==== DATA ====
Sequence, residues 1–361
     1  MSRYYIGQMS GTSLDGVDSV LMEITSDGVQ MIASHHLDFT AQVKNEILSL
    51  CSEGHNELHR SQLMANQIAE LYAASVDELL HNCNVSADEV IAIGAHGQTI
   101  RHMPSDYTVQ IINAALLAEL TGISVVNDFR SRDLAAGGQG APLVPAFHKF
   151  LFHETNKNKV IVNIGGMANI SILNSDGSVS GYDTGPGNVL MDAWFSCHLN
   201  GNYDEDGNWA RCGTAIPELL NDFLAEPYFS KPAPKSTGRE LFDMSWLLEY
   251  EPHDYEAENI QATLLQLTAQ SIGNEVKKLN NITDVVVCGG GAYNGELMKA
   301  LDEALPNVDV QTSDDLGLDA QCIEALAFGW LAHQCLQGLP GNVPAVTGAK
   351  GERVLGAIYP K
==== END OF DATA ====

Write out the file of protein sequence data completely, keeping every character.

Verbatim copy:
Sequence, residues 1–361
     1  MSRYYIGQMS GTSLDGVDSV LMEITSDGVQ MIASHHLDFT AQVKNEILSL
    51  CSEGHNELHR SQLMANQIAE LYAASVDELL HNCNVSADEV IAIGAHGQTI
   101  RHMPSDYTVQ IINAALLAEL TGISVVNDFR SRDLAAGGQG APLVPAFHKF
   151  LFHETNKNKV IVNIGGMANI SILNSDGSVS GYDTGPGNVL MDAWFSCHLN
   201  GNYDEDGNWA RCGTAIPELL NDFLAEPYFS KPAPKSTGRE LFDMSWLLEY
   251  EPHDYEAENI QATLLQLTAQ SIGNEVKKLN NITDVVVCGG GAYNGELMKA
   301  LDEALPNVDV QTSDDLGLDA QCIEALAFGW LAHQCLQGLP GNVPAVTGAK
   351  GERVLGAIYP K